Catalytic Carbonylative Spirolactonization of Hydroxycyclopropanols.
Journal of the American Chemical Society
2016; 138 (33): 10693-10699
A palladium-catalyzed cascade carbonylative spirolactonization of hydroxycyclopropanols has been developed to efficiently synthesize oxaspirolactones common to many complex natural products of important therapeutic value. The mild reaction conditions, high atom economy, broad substrate scope, and scalability of this new method were highlighted in expedient total syntheses of the Turkish tobacco natural products α-levantanolide and α-levantenolide in two and four steps, respectively. The hydroxycyclopropanol substrates are readily available in one step via a Kulinkovich reaction of the corresponding lactones. Mechanistic studies utilizing high-resolution electrospray ionization mass spectrometry (ESI-MS) identified several key intermediates in the catalytic cycle, as well as those related to catalyst decomposition and competitive pathways.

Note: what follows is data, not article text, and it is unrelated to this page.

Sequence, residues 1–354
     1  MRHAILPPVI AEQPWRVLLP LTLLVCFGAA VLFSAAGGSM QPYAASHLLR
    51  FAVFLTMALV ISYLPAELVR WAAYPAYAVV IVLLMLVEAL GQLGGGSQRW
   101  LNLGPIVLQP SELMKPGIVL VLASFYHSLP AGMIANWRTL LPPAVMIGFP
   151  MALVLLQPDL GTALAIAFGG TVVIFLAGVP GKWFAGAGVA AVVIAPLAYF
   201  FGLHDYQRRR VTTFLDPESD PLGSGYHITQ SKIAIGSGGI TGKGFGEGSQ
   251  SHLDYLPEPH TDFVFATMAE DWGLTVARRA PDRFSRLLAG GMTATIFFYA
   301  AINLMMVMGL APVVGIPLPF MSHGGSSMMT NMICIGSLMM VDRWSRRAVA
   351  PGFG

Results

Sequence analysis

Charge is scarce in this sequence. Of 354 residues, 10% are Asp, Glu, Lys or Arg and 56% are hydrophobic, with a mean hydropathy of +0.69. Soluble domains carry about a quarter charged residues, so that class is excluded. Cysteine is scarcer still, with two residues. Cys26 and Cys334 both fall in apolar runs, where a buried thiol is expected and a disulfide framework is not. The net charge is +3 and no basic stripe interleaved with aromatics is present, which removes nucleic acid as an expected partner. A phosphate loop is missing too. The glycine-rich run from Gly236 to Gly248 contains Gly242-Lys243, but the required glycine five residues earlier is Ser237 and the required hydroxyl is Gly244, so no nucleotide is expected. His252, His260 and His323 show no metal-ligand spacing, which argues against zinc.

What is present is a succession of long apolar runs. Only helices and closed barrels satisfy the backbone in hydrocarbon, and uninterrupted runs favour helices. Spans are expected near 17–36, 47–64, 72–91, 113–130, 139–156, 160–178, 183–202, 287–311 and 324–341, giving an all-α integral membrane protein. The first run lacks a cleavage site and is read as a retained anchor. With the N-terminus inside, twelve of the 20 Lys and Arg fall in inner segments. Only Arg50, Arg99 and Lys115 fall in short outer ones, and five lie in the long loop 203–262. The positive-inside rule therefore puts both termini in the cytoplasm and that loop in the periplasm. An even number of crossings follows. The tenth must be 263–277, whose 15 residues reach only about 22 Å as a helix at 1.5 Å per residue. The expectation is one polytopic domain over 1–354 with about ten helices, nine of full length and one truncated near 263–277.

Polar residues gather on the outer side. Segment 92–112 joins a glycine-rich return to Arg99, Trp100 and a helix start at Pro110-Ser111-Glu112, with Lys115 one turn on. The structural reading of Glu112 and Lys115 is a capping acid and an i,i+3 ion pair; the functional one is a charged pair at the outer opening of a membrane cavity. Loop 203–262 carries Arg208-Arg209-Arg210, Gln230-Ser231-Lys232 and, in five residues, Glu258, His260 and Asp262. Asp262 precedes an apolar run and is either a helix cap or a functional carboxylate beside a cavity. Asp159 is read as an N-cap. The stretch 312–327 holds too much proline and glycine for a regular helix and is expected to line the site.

View details for DOI 10.1021/jacs.6b06573
View details for PubMedID 27459274
- Catalytic Role of Multinuclear Palladium-Oxygen Intermediates in Aerobic Oxidation Followed by Hydrogen Peroxide Disproportionation JOURNAL OF THE AMERICAN CHEMICAL SOCIETY 2015; 137 (42): 13632-13646
- Retaining the Activity of Enzymes and Fluorophores Attached to Graphene Oxide CHEMISTRY OF MATERIALS 2015; 27 (12): 4499-4504
Regioselective Asao-Yamamoto Benzannulations of Diaryl Acetylenes
2014; 16 (22): 5926-5929
Asao-Yamamoto benzannulations transform diarylalkynes into 2,3-diarylnaphthalenes, and regioselective variants of this reaction are of interest for synthesizing substituted polycyclic aromatic systems. It is shown that regioselective cycloadditions occur when one alkyne carbon preferentially stabilizes developing positive charge. Simple calculations of the relative energies of carbocations localized at each alkyne carbon of a substrate predict the regioselectivity, which is not eroded by bulky substituents, including 2,6-disubstituted aryl groups.
View details for DOI 10.1021/ol502938y
View details for Web of Science ID 000345470000026
View details for PubMedID 25383421